The viral age of video was just blossoming. "Selfie" officially made it into the dictionary. Snowden's name spread across households in the United States. The year was 2013 and in that same year, by fate, two pharmacists crossed paths. The telling of the NormaLyte story wouldn't be complete without an introduction to Sam and Manoj, the creators.
Manoj graduated from pharmacy school in the early 1990s in India, his home country. His father had been a doctor there, his mother a nurse, and from a young age it seemed the medical field was a natural choice. It was at the suggestion of Manoj's father that he became a pharmacist. The rest, as they say, is history.
In India the standard of living remains largely poor in comparison to the States. Manoj, having been a pharmacists there for a number of years, saw an opportunity to improve his standard of living. "Pharmacy as a profession is very advanced in this country," and he goes on to elaborate that in India its more industrial based while in the U.S. it's more clinical. After immigrating here, Manoj eventually took a job at a large grocery retail business where he met Sam.
Inspired by his older brother, who is also a pharmacist, Sam graduated in the early 2000's. Regarding his fascination with pharmacy he said, "I love how chemistry meshes with biology to treat a disease." Initially Sam had intended to live in the larger Indianapolis, IN area, but had a calling to go back to his home town of Louisville to live closer to his parents.
Sam is a first-generation immigrant, his parents came here from Korea before he was born. He grew up hearing stories from his parents of how hard it was to get on their feet.
Sam, Meet Manoj
Sam talks about the first time he met Manoj, "The first time I remember seeing him I said to myself 'Who the heck is this guy?' Our mutual boss had put him at my store to train with me." One day, Manoj needed a ride home. He usually walked to work, but that day it was raining. Sam stepped up.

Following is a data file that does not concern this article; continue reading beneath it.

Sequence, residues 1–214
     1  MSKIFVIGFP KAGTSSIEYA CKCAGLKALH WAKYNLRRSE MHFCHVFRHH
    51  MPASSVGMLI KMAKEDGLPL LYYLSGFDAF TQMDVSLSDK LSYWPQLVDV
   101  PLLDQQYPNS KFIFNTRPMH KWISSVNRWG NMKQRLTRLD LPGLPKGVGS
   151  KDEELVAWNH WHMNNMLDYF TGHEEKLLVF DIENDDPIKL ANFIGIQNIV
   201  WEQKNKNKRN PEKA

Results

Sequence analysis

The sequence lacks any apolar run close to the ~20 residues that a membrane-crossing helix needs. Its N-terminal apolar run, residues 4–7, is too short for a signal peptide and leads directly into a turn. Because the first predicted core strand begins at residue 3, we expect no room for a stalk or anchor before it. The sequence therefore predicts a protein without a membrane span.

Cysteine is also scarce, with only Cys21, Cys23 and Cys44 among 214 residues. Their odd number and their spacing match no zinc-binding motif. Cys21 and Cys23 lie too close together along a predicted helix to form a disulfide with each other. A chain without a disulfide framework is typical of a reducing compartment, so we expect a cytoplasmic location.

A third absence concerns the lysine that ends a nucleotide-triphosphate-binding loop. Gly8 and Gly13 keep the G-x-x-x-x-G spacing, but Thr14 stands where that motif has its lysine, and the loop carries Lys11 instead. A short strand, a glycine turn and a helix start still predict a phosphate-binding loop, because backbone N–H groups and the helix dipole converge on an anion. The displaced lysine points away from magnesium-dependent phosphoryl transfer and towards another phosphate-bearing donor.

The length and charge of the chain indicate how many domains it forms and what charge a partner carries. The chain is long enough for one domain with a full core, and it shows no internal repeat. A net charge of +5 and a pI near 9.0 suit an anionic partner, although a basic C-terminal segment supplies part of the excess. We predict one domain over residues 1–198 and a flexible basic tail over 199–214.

Sam talks about what a humbling experience it was to drive him home. "They didn’t have mattresses. They were living day to day. So, I got him some supplies and we became good friends. He was even in my wedding! He’s one of my best friends - we’ve known each other for so long. 15 years maybe? It’s been a long time."
NormaLyte is Born
It comes as no surprise that these two have the same entrepreneurial spirit bursting out of them. They were always talking business, and often found themselves daydreaming together about different ventures they could take up. Weight loss supplements? Oral hydration?
This is where the stories differ slightly.
Manoj says he first was interested in oral rehydration products during a discussion with a friend about the amount of deaths there had been due to heat exposure in the U.S. During this discussion he had a flashback to India, "In countries like India we have this cholera situation where lot of people get dehydrated and get infections. I’ve seen dads lifting their sons dead bodies walking into the hospital where my dad used to work."